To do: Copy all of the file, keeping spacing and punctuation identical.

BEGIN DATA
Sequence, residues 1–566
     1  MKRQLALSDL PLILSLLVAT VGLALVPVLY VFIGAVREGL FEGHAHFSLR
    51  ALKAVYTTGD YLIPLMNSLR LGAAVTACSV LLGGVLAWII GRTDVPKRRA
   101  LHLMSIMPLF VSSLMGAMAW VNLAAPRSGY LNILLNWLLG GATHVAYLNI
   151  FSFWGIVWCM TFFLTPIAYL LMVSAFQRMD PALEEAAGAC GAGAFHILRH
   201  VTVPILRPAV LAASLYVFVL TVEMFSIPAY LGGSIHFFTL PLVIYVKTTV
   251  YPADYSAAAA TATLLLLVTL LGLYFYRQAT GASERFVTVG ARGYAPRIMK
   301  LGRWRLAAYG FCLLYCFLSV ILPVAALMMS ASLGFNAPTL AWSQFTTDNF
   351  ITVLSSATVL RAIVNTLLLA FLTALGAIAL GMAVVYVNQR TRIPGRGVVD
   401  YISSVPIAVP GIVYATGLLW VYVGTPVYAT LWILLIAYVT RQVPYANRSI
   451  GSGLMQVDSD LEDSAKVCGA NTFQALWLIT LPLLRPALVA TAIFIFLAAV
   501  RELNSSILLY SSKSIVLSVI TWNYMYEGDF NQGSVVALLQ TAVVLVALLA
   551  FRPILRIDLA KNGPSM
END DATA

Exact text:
Sequence, residues 1–566
     1  MKRQLALSDL PLILSLLVAT VGLALVPVLY VFIGAVREGL FEGHAHFSLR
    51  ALKAVYTTGD YLIPLMNSLR LGAAVTACSV LLGGVLAWII GRTDVPKRRA
   101  LHLMSIMPLF VSSLMGAMAW VNLAAPRSGY LNILLNWLLG GATHVAYLNI
   151  FSFWGIVWCM TFFLTPIAYL LMVSAFQRMD PALEEAAGAC GAGAFHILRH
   201  VTVPILRPAV LAASLYVFVL TVEMFSIPAY LGGSIHFFTL PLVIYVKTTV
   251  YPADYSAAAA TATLLLLVTL LGLYFYRQAT GASERFVTVG ARGYAPRIMK
   301  LGRWRLAAYG FCLLYCFLSV ILPVAALMMS ASLGFNAPTL AWSQFTTDNF
   351  ITVLSSATVL RAIVNTLLLA FLTALGAIAL GMAVVYVNQR TRIPGRGVVD
   401  YISSVPIAVP GIVYATGLLW VYVGTPVYAT LWILLIAYVT RQVPYANRSI
   451  GSGLMQVDSD LEDSAKVCGA NTFQALWLIT LPLLRPALVA TAIFIFLAAV
   501  RELNSSILLY SSKSIVLSVI TWNYMYEGDF NQGSVVALLQ TAVVLVALLA
   551  FRPILRIDLA KNGPSM